I have facilitated team meetings for thirty years. During this time, I’ve observed that when individuals gather in a corporate group or team setting, they often bring with them a preconceived mindset, expectations, assumptions, or positions that can significantly impact the conversation and, ultimately, the outcome. These preconceptions may be interpreted by others as aggressiveness, defensiveness, or resistance…and may undermine the outcome.


Analysts/Technologists who have attained a mastery of the business intelligence tools/software may become so excited about the analysis they’ve performed and the visually impressive insights/stories they’ve created with the data…that they leave little room for others to process, interpret, and make decisions based on the information. In their excitement, the Analysts might “push” their conclusions, rather than objectively “present” their findings. This key difference between prescribing (pushing) and describing (presenting) can influence the tone of the conversation that ensues. [Note: This applies even if the analysis is performed by someone on the team, rather than an external BI Analyst.]


Business individuals—including executives, managers, and other decision makers—who focus on their operational/organizational performance may feel apprehensive about what the data may reveal or about the changes that could result from the meeting…and consequently show up armed with firm positions and defenses.


The individuals described above—from both IT and Business—are not in a mindset conducive to collaborative exploration and discovery. They are not ready to listen and consider the information in the context of what is best for the organization.


In every group or team setting, it is important to understand that two factors are concurrently influencing the interaction: content and process. The content is the topic or issue being discussed…and the process refers to how the group is handling the content. Examples of process elements include: how people treat each other, what participation patterns emerge, how much listening occurs, how much real engagement is present, and how the meeting flows relative to the established objectives, agenda, and defined structure.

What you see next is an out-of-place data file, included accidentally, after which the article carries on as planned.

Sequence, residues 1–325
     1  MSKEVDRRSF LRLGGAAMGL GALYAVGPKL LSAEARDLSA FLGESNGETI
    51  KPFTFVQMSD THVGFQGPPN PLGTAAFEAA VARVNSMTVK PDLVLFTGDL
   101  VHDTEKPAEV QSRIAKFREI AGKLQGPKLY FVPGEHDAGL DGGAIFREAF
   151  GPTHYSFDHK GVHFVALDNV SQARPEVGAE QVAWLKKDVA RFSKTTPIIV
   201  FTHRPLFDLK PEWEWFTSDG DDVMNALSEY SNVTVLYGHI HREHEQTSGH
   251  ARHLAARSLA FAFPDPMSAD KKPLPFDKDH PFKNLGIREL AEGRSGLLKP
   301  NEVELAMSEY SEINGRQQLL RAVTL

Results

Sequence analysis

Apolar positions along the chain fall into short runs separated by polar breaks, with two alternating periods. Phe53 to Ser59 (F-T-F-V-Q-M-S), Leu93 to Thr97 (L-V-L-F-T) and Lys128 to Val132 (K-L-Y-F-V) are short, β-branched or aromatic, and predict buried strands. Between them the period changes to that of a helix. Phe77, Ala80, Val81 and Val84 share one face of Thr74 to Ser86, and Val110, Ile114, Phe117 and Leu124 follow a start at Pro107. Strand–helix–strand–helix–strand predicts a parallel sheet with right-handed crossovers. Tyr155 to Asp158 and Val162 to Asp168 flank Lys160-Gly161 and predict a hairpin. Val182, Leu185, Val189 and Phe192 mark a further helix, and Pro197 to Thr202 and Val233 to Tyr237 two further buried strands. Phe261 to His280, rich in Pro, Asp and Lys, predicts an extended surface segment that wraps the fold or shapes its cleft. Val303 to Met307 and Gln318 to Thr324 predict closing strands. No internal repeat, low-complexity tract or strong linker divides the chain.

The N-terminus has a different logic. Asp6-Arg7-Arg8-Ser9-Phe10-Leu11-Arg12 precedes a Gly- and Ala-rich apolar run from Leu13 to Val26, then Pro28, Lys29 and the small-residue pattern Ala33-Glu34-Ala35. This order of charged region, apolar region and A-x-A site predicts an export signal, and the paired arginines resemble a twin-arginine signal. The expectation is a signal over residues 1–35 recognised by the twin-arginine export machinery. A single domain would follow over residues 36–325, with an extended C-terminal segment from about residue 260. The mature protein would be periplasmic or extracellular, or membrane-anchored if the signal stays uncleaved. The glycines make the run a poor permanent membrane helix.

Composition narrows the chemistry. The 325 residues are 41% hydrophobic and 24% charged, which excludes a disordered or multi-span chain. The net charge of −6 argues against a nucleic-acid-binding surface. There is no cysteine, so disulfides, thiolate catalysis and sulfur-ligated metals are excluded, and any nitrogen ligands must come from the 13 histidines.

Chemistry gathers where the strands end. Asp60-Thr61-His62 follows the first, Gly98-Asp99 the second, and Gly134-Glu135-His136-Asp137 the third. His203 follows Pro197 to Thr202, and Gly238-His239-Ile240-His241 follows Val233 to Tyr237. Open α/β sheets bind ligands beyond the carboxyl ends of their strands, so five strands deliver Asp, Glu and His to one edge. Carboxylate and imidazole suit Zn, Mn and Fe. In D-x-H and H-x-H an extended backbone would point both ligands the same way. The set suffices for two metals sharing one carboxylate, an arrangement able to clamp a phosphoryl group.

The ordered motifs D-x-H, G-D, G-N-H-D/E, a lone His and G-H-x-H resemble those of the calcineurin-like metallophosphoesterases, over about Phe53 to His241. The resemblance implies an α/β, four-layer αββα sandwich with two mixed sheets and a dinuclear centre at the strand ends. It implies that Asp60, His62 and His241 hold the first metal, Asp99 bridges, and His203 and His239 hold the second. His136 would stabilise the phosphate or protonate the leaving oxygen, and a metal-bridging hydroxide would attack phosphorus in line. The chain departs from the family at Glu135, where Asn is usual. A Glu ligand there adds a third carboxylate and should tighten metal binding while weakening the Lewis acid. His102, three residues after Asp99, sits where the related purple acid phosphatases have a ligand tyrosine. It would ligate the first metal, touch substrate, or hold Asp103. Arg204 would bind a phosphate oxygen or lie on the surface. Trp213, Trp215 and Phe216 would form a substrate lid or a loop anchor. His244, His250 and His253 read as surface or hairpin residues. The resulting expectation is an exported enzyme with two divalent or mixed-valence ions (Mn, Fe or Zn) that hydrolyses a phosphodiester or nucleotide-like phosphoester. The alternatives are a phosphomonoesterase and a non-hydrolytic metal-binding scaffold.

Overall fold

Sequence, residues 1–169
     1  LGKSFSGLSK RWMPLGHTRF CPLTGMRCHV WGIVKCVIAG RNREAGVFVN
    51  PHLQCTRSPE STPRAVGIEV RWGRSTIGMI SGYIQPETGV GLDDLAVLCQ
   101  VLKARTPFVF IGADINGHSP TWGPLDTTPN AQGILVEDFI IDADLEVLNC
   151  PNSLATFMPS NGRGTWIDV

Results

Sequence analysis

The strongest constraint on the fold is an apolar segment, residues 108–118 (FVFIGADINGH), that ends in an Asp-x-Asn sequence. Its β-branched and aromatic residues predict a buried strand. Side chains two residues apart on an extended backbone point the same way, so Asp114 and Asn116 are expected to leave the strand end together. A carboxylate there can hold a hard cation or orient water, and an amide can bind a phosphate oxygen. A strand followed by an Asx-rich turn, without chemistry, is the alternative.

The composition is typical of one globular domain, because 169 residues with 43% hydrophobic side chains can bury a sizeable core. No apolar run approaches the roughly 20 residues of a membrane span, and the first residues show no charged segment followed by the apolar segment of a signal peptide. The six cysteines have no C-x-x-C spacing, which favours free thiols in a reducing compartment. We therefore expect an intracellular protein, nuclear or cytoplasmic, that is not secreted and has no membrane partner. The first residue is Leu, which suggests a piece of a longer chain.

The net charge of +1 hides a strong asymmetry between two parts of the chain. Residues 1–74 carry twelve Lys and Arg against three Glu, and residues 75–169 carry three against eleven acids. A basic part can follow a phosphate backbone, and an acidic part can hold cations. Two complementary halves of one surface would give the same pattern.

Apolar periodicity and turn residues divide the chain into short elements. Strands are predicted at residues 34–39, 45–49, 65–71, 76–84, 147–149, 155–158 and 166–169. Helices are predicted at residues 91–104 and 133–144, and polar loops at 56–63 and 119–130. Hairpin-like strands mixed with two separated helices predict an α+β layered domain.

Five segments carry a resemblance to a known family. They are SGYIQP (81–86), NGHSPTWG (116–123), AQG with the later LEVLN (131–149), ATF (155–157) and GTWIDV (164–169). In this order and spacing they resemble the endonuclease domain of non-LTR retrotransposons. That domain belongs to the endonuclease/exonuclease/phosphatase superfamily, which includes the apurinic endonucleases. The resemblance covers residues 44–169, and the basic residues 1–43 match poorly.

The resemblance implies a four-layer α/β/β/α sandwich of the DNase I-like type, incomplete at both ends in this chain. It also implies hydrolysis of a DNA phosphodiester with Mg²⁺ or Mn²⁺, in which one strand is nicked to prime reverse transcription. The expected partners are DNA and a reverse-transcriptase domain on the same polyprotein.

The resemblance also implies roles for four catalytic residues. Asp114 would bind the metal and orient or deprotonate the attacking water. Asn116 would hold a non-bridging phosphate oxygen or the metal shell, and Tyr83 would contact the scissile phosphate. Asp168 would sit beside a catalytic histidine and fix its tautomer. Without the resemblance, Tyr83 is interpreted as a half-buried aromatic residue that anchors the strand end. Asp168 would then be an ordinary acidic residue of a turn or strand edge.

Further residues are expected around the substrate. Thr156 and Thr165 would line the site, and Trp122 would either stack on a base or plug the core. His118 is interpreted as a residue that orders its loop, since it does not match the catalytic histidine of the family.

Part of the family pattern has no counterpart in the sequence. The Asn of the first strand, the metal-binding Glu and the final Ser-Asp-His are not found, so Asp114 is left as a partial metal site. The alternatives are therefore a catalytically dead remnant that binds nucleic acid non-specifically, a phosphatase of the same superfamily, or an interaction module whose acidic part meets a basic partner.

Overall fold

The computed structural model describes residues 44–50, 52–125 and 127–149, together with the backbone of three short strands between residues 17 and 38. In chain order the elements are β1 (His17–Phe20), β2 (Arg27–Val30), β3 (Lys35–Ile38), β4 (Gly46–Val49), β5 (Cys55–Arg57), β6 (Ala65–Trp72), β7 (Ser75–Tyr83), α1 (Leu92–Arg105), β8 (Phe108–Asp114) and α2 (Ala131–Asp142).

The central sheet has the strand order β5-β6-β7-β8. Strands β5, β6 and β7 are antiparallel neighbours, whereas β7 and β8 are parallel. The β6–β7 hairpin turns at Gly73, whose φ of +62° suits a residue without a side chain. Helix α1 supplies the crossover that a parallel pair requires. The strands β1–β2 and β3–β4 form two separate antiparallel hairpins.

Investing time at the beginning of a group or team meeting to define the process—how individuals will work together during the allotted time—results in enhanced interaction about the content, increased ownership for the decisions, and higher quality outcomes. The suggestions that follow can make a positive difference.


Tips for enhancing the quality of group/team conversation and results

1. Establish a common purpose and objective(s) for your process, as well as a meeting agenda and structure. Getting everyone on the same page establishes a shared ownership for the process and outcomes.


2. Establish ground rules (guidelines) for your interaction/conversation—for example:

  • Listen to understand
  • All ideas and questions are welcome
  • Look for ways to be part of the solution, rather than stay in the problem
  • Stay present (be here now)
  • Communicate respectfully—no blaming or finger pointing
  • Focus on what is right, not who is right—i.e., focus on what is best for the organization
  • Demonstrate a mindset of exploration, collaboration, and partnering
  • Remain curious: Suspend assumptions, judgment, and firm positions

3. Keep in mind the difference between descriptive (presenting information) and prescriptive (pushing information/trying to sell conclusions).


4. Create an environment that encourages everyone to remain curious—ask questions, e.g., Any surprises in the findings? Any additional analysis needed? What are we learning? What else might this indicate? How can we translate our insights into improved performance? Suspending assumptions, judgment, and firm positions contributes to more substantive exploration and discovery.


5. Allow time and space for exploration, for possibility, for expanding thought/discussion (vs. judging and limiting thought/discussion).



It’s up to you: What will you do to ensure that conversations about analytics findings effectively generate inquiry, focus on possibility, and lead to elegant solutions that are best for your organization?

The Kobb Team    +1 713-398-0128
mk at kobbteam dot com